Sampling theory is a branch of statistics that focuses on obtaining information about a population from a smaller sample. It is used to understand the general characteristics of a population and to make inferences about the population as a whole. Sampling theory is important for accurately estimating population characteristics, such as the mean or the median, and for measuring the accuracy of the sample estimates.

The most common sampling technique is simple random sampling. In this technique, each member of the population has an equal chance of being selected for the sample. This ensures that the sample is representative of the population. Other sampling techniques include stratified sampling, clustered sampling, and systematic sampling.

Stratified sampling is used when the population is divided into distinct subgroups. This technique ensures that each subgroup is adequately represented in the sample. Clustered sampling is used when the population is divided into clusters, such as geographical areas or households. Systematic sampling is used when selecting members from a list or database, such as a telephone directory.

In addition to the selection of the sample, sampling theory also deals with the size of the sample. The size of the sample is determined by the amount of information needed and the variability of the population. Generally, the larger the sample, the more accurate the estimates will be.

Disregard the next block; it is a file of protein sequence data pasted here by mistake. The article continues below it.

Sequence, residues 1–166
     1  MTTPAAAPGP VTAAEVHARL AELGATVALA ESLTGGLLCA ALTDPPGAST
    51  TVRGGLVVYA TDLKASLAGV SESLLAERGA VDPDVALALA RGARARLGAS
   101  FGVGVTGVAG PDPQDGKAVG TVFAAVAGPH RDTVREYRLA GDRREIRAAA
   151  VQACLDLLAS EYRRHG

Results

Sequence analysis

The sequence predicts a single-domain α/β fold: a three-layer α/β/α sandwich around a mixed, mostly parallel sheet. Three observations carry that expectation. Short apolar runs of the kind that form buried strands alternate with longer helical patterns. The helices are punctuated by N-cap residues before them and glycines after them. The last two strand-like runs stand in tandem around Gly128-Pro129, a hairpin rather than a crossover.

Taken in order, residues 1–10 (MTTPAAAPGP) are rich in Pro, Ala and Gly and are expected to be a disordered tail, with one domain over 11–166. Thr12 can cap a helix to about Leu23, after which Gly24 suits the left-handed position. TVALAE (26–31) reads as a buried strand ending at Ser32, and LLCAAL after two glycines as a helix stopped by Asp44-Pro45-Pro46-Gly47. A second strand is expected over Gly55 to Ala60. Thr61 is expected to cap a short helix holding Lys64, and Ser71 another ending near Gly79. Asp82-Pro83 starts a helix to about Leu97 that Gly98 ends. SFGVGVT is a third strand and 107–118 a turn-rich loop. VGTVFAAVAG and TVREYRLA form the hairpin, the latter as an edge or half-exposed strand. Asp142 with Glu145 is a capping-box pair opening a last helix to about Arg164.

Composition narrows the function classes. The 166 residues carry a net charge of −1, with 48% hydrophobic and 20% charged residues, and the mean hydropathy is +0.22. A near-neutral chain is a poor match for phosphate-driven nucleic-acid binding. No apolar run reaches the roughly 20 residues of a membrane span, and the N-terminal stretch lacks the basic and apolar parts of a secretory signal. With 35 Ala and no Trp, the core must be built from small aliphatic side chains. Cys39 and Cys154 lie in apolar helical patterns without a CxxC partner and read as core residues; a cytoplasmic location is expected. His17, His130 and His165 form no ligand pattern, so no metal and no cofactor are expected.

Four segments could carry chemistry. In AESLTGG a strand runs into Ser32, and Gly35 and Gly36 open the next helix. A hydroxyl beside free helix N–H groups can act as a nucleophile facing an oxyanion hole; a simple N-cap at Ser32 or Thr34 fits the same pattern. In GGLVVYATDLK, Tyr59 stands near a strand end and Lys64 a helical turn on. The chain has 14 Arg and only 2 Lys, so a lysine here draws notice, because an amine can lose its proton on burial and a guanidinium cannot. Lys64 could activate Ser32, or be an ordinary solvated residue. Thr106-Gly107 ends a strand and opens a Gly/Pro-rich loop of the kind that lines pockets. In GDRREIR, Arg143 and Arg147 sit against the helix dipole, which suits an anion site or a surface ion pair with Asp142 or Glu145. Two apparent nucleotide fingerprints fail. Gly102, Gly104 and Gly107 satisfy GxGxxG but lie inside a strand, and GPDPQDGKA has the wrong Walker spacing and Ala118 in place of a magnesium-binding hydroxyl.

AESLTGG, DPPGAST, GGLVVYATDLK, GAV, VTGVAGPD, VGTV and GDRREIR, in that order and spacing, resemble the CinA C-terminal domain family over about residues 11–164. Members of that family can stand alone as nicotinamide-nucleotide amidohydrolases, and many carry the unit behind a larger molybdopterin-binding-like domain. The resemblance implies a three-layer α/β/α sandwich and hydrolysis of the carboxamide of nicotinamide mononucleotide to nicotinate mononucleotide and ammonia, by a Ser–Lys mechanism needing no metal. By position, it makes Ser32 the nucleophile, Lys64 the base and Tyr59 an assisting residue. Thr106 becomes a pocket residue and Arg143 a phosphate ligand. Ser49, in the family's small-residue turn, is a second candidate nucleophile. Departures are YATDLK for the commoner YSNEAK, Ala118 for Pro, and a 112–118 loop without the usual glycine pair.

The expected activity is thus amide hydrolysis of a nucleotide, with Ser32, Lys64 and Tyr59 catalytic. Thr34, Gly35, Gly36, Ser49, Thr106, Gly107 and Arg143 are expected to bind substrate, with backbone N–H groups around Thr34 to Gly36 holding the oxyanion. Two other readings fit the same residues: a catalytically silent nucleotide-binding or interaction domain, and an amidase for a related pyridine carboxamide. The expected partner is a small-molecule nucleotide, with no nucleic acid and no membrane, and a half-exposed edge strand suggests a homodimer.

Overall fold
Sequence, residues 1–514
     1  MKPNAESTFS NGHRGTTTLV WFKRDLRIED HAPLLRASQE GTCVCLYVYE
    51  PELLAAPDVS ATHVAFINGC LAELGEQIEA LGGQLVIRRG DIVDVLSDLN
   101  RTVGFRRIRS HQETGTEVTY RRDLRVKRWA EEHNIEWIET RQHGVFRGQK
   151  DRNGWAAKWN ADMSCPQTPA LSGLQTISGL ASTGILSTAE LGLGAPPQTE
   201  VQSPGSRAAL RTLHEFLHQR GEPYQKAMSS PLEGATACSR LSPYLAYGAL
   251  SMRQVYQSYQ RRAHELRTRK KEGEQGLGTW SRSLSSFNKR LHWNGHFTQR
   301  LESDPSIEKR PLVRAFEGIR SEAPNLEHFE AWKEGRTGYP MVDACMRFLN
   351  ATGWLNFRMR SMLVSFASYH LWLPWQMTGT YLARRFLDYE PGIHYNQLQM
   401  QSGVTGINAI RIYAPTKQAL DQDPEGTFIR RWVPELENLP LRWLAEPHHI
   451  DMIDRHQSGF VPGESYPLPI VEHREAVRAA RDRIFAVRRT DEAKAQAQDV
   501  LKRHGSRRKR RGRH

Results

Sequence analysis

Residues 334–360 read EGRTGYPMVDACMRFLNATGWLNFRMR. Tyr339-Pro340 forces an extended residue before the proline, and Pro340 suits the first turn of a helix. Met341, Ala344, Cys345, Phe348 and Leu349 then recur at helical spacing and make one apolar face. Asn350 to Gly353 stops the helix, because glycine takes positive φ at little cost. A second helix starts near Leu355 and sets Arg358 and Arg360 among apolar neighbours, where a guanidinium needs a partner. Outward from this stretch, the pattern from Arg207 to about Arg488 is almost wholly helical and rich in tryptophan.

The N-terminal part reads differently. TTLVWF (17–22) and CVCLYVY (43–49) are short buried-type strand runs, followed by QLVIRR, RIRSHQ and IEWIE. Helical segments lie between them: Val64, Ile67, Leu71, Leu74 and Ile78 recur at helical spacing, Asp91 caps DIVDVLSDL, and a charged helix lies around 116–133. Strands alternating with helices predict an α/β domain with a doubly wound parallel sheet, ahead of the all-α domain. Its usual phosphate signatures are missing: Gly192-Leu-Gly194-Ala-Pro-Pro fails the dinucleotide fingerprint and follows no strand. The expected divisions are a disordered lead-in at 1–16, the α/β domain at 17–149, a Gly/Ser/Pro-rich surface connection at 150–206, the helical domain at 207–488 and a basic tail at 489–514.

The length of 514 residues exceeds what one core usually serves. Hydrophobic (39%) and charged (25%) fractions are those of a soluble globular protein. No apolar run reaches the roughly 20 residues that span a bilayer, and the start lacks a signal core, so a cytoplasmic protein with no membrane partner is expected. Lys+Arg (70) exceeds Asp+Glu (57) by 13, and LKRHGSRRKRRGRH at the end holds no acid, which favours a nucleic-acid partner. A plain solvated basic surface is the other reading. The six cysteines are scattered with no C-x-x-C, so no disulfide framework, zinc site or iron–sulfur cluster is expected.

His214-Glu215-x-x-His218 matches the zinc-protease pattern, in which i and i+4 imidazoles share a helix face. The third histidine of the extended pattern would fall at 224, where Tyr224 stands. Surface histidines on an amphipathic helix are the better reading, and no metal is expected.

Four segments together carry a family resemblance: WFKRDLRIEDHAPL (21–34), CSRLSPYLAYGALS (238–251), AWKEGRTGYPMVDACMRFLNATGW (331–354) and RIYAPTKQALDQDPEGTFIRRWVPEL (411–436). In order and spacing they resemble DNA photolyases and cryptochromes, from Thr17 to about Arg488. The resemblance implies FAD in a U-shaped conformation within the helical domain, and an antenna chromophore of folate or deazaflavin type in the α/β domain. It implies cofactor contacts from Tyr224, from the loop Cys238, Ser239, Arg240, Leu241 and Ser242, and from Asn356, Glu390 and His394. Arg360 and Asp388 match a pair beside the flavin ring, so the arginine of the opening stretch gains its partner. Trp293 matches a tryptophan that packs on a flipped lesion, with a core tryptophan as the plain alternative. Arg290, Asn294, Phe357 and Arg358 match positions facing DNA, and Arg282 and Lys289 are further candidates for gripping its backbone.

In addition to the selection and size of the sample, sampling theory also considers the analysis of the sample data. This includes estimating the population characteristics, such as the mean or the median, and testing for statistical significance.

Sampling theory is an important part of statistics and is used in many different fields, including marketing, economics, and social science research. It is important to understand the principles of sampling theory in order to accurately and effectively collect data and make accurate inferences about a population.

References

Bryman, A., & Cramer, D. (2011). Quantitative research methods and statistics in psychology. London: Sage.

Cochran, W. G. (1977). Sampling Techniques (3rd ed.). New York: John Wiley & Sons.

Salkind, N. J. (2010). Statistics for people who (think they) hate statistics (4th ed.). Thousand Oaks, CA: Sage.